Final report on Aztec plane crash inconclusive
FARMINGTON — Three years after the plane crash that killed former Aztec Mayor Michael Arnold, a final report issued in June by the National Transportation Safety Board did not pinpoint why Arnold lost control of his aircraft.
"The pilot’s loss of airplane control during takeoff for reasons that could not be determined because post-accident fire damage precluded a complete examination of the airplane," according to the June 16 report.
Arnold, 62, died May 18, 2013, when he lost control of his single-engine plane and crashed shortly after takeoff from the Aztec Airport.
Just after the plane became airborne, it struck a berm on the right side of the runway, spun 180 degrees and was engulfed in flames, according to the report.
The report indicates there is a possibility that Arnold became distracted during takeoff.
"The circumstances of the accident are consistent with the pilot becoming distracted during takeoff, possibly by a fuel leak or onboard fire," the report states. "However, neither scenario could be verified. Therefore, the reason that the pilot did not maintain airplane control during takeoff could not be determined."
Arnold bought the plane about six months prior to the crash and had complained that on a previous flight about a week earlier, fuel had been pooling on the floor of the cockpit. NTSB and Federal Aviation Administration investigators were unable to determine a possible leak source.
Arnold's body was taken the day of the crash to Albuquerque for an autopsy. Results showed that Arnold had carbon monoxide in his blood and antihistamine in his urine. No other drugs were present. The cause of death was determined "to be inhalation of products of combustion and thermal injuries," according to the report.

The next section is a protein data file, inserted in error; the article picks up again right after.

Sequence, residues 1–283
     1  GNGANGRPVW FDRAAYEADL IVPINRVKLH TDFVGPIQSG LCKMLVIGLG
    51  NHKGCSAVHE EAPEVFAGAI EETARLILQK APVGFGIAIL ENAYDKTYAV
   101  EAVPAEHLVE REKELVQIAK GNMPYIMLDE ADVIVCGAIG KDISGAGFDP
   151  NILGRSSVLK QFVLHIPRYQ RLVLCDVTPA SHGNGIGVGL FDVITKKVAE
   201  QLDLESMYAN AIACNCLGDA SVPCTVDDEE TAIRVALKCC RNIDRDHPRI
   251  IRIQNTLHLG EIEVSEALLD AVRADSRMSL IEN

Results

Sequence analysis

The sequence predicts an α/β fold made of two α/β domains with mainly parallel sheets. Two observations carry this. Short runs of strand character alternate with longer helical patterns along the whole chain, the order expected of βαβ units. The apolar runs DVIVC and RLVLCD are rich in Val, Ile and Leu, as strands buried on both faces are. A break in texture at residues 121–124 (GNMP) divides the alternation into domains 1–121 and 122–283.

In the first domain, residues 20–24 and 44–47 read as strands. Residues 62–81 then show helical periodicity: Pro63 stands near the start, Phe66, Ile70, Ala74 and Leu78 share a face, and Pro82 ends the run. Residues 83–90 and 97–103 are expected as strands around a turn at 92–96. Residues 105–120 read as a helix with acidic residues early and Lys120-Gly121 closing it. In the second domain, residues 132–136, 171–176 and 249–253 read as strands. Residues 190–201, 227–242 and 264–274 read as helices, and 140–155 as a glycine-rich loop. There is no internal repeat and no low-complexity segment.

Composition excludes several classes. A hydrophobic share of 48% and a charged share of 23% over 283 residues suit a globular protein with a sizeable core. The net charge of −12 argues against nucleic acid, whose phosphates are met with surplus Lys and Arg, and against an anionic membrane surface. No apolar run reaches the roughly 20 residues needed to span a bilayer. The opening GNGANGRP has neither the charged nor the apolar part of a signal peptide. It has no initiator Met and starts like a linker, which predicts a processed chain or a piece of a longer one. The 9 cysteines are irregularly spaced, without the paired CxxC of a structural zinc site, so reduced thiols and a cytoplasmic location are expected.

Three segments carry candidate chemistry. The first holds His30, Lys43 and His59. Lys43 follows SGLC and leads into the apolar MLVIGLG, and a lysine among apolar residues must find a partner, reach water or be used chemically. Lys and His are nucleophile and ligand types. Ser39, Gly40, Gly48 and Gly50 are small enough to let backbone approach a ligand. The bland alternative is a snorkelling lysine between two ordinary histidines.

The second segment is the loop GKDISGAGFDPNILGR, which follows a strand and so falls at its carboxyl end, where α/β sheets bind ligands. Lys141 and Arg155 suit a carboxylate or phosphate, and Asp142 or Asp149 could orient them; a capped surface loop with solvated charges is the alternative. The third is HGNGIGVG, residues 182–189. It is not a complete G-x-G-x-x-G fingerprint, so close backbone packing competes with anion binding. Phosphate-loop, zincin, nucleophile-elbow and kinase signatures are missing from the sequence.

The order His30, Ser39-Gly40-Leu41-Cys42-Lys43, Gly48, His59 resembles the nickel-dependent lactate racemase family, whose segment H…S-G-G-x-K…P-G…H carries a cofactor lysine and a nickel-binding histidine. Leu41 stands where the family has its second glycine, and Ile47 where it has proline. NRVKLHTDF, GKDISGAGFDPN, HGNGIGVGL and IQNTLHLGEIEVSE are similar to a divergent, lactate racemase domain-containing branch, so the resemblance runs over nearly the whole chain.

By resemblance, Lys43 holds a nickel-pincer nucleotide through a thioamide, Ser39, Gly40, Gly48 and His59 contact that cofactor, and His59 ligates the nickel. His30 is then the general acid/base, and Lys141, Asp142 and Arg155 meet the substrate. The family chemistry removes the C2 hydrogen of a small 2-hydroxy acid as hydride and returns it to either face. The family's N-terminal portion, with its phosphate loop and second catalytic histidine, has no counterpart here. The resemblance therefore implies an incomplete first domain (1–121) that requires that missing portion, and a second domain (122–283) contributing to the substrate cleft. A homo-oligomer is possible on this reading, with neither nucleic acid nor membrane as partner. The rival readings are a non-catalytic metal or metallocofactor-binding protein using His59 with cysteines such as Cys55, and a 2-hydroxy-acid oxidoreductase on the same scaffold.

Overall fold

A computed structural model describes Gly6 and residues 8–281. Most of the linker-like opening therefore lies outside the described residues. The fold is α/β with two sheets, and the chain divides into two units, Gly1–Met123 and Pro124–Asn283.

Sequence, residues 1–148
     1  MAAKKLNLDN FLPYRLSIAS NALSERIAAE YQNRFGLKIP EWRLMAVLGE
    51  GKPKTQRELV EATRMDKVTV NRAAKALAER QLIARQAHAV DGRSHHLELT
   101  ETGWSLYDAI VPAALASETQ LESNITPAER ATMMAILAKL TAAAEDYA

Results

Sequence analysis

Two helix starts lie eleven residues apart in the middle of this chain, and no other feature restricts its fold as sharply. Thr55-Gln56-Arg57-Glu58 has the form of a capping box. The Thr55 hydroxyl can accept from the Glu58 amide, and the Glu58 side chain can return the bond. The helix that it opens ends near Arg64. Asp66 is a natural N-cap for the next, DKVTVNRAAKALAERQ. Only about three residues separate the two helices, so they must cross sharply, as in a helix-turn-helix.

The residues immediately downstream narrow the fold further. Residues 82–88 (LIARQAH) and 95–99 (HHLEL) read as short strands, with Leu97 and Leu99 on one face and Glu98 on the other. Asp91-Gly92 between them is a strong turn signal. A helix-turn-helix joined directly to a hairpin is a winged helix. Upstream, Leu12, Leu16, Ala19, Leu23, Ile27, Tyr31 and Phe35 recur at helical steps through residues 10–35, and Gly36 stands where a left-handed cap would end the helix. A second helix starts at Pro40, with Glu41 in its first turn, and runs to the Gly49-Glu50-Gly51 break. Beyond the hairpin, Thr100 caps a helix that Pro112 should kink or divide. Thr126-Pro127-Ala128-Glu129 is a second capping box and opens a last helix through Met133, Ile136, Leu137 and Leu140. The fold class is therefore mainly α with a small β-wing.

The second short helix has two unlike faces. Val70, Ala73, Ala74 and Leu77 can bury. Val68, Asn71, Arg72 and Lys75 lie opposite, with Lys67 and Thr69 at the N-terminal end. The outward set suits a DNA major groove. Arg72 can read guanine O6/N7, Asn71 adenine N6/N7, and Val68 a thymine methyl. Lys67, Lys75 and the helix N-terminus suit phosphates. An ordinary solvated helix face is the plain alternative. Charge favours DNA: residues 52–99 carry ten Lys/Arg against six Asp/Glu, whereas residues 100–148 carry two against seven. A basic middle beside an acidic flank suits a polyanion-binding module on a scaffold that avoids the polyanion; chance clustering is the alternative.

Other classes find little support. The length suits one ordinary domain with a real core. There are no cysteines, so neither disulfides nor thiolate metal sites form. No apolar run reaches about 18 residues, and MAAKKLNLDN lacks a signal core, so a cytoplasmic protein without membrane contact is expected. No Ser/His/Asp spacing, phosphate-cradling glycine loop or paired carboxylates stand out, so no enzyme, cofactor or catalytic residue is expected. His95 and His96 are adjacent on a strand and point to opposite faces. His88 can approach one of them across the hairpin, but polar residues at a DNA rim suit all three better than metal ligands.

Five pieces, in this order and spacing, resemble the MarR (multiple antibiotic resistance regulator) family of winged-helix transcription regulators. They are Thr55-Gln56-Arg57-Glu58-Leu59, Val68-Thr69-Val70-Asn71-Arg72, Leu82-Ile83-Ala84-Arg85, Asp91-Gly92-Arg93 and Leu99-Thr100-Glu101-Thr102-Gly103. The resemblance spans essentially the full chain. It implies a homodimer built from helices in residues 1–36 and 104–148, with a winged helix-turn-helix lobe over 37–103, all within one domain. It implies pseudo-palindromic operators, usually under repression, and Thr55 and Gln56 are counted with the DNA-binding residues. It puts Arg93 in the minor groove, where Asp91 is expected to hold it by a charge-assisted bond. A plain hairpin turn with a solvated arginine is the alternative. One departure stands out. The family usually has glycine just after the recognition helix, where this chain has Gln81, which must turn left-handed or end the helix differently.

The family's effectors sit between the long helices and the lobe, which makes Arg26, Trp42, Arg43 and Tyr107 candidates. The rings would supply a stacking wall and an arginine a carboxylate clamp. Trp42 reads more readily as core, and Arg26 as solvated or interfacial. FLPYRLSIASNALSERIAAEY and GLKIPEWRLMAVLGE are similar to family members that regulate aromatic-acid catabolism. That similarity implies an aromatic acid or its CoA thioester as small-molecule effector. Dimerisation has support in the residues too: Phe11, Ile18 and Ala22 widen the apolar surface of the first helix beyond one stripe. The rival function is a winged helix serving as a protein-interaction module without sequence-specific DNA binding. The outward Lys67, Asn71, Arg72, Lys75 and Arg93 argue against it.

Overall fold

Visibility was clear, and the wind was light, according to the report.
NTSB spokesman Peter Knudson said about 1,300 investigations are handled by about 50 investigators across the U.S. each year, and investigations into fatal accidents like Arnold's typically take one year to 18 months to complete.
In 1988, Arnold became the airport manager and lived at the small, twin-runway airport with his wife, Patricia Arnold.
His son, Mike Arnold Jr., said in a phone interview that despite the report's lack of certainty over the cause of the crash, he is glad it was completed.
"It’s a relief to hear it's concluded and to get closure," he said.
Mike Arnold Jr., a commercial pilot who lives in Farmington, said the length of time taken to complete the report didn't surprise him.
Arnold's son said he still hears from people who share fond memories of his dad.
"He was a jack-of-all-trades, and he’s been missed in the community," he said. "I’ve heard from people in the local and aviation communities a lot since the accident. I still get people who make the correlation with our names and tell me about what he meant to them. His passing was a big vacuum in the area, for sure."
James Fenton is the business editor of The Daily Times. He can be reached at 505-564-4621.